This project, in conjunction with UK based CO2Balance, aimed to provide up to 1000 families in Kisumu, Kenya with highly efficient cook stoves, saving firewood, reducing CO2 production and providing significant health benefits.
We have a long-established partnership with the Aniga Women’s Community Based Organization in Kisumu county, Kenya. Our original project, in association with UK based CO2 Balance, was to provide funding to help them to make energy efficient cookstoves so that they could reduce dependence on open fire cooking with its poor health consequences.
Global Footsteps matched donations for the cookstoves project up to a total of £10,000. So for a £10 donation the project received £20. We were successful in raising an overall £ 20,000 for this project and this experience was base for our new project The Cookstoves Briquettes Project.
Forget the marshmallows. Cooking on an open fire isn’t fun for thousands of women in Kenya and around the world. It causes chronic health problems and there’s a huge environmental impact too, in deforestation and CO2 emissions.
Our original project, in partnership with Taunton based company CO2balance UK Ltd., and the Aniga Women’s Group in Kisumu, Kenya, aimed to provide energy efficient cookstoves
which use around a third of the wood consumed by a traditional cooking fire. Global Footsteps matched the money raised, to pay CO2balance to train the women and buy the raw materials to make the stoves – using local staff in Kisumu.
These stoves, produced by local women from local resources, had enormous benefits. They significantly reduced the amount of toxic smoke that is produced which has considerable health benefits. The women don’t need to gather so much firewood, giving them time for other more economically beneficial activities. There are also environmental benefits in reduced carbon emissions and less deforestation.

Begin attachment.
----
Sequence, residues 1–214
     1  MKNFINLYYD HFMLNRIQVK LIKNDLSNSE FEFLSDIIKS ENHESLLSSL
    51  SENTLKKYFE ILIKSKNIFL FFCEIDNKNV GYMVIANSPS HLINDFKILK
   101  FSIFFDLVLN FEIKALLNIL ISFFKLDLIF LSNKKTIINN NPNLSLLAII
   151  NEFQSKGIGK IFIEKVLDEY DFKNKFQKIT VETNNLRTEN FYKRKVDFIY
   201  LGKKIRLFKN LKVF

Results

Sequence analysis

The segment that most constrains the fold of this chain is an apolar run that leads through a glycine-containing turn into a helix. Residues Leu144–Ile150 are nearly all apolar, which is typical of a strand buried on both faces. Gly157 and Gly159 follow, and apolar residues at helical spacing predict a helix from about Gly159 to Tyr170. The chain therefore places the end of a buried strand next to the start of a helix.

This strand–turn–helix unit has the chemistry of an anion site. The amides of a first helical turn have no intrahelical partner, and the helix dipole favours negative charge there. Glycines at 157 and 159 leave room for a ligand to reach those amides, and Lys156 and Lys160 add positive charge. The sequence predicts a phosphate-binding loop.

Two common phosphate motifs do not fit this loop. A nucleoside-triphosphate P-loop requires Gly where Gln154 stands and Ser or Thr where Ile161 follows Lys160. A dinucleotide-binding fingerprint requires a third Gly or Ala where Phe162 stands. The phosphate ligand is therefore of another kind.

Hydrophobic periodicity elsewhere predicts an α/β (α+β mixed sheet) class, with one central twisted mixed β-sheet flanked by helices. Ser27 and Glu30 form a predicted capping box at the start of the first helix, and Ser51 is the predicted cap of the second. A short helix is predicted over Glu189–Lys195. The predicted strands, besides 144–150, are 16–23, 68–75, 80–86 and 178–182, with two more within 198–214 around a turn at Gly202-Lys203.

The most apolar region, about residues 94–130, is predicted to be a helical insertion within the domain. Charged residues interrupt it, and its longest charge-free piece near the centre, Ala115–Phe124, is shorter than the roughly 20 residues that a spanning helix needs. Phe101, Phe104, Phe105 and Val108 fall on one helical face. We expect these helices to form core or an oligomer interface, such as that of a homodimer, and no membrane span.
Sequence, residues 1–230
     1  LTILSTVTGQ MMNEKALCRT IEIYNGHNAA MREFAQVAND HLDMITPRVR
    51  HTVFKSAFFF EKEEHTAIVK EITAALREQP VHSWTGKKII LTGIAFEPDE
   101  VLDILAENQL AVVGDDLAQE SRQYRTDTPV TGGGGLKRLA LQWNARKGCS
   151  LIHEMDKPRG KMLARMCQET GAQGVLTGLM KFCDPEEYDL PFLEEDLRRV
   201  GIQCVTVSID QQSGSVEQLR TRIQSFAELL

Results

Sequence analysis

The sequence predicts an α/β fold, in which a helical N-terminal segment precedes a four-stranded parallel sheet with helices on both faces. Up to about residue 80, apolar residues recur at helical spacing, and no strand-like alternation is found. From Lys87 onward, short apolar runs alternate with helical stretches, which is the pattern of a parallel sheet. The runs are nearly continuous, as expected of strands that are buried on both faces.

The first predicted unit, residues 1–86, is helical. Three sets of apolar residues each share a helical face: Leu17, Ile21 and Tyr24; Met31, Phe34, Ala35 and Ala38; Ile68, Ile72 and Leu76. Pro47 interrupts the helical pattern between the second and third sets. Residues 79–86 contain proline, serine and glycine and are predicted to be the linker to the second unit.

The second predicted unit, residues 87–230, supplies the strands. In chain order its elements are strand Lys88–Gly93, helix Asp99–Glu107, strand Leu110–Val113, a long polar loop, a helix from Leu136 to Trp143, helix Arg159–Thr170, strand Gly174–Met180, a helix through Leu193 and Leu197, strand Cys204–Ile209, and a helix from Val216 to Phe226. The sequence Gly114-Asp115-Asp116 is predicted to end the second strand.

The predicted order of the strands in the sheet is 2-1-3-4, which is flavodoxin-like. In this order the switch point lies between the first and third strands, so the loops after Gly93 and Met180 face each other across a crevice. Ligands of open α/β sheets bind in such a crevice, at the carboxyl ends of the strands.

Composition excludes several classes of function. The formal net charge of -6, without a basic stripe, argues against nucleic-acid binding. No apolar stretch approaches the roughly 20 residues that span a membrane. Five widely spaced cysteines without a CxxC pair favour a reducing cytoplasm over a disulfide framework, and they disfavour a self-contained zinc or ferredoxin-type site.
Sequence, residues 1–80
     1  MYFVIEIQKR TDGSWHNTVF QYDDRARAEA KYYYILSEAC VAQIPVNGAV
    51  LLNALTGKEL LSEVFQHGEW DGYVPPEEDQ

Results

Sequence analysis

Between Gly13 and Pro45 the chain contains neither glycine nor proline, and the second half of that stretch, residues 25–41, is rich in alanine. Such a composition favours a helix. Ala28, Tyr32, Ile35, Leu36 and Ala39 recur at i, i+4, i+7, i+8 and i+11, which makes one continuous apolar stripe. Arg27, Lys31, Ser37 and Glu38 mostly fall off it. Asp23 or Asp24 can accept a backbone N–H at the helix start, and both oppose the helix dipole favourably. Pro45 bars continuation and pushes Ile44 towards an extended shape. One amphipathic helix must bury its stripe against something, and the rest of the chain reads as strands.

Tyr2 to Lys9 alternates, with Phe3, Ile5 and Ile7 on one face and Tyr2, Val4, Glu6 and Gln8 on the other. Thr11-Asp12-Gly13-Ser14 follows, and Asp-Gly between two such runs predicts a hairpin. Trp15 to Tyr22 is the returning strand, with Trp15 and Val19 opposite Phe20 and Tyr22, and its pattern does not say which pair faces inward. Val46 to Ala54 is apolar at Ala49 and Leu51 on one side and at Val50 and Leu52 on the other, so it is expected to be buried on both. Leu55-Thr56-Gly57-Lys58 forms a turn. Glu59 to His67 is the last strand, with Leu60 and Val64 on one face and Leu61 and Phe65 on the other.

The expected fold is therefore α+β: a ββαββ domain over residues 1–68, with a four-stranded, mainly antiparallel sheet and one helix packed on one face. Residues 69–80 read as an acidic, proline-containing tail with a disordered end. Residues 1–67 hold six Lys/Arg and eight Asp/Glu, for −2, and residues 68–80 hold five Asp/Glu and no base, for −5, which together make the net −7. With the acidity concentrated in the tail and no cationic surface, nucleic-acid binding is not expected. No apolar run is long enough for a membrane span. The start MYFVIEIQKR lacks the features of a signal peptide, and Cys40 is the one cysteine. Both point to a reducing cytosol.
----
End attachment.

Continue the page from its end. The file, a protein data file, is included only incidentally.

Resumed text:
The project was totally sustainable as all the materials used to build the stoves were produced locally. The stoves were sold at an affordable price, and the income allowed the women to buy more materials and train more people. Local women, led by the Aniga Women’s Initiative, were trained to manufacture them and given support in marketing and promotion. The Aniga women are a well established group who already have a number of self-help projects in rural Kisumu. They have had strong and positive links to Global Footsteps over a number of years.
Efficient cookstoves projects are a tried and tested method of improving women’s lives and reducing carbon emissions in the developing world.
Watch some footage from the video of cookstove production below.
High efficiency wood-burning stoves are important for many rural areas in Africa. These are some of the benefits they can bring.
Daily exposure to toxic smoke from cooking on open fires in poorly ventilated kitchen areas is a major risk factor for disease and premature death.
The risk is higher for children, who often do homework or even sleep in the kitchen area.
More than half the deaths of children under 5 are due to pneumonia caused by inhaling particulate matter from open fires.
The risk is also higher for women, who tend to do the cooking.
Health effects are exacerbated for individuals who are HIV positive, when it is particularly important to avoid infection.
90% of energy in rural Kenya is met through wood as a fuel
Reducing deforestation is critical to biodiversity and reducing the effects of climate change.
Over 90% wood taken as fuel is not replenished. Increasing drought means new trees planted don’t thrive.
Forest cover in Kenya has decreased by about 7% since 1990 (an area the size of Oxfordshire).
Fewer trees mean less carbon absorbed.
Burning wood on open fires causes carbon emissions and air pollution.
Time spent collecting firewood from increasingly long distances detracts from income generating or other activities – the burden mainly falling on women.
Children also collect firewood, thus detracting from educational activities and exposing them to danger.
Firewood that is bought, is increasingly expensive due to shortages, and can form a high proportion of household expenditure.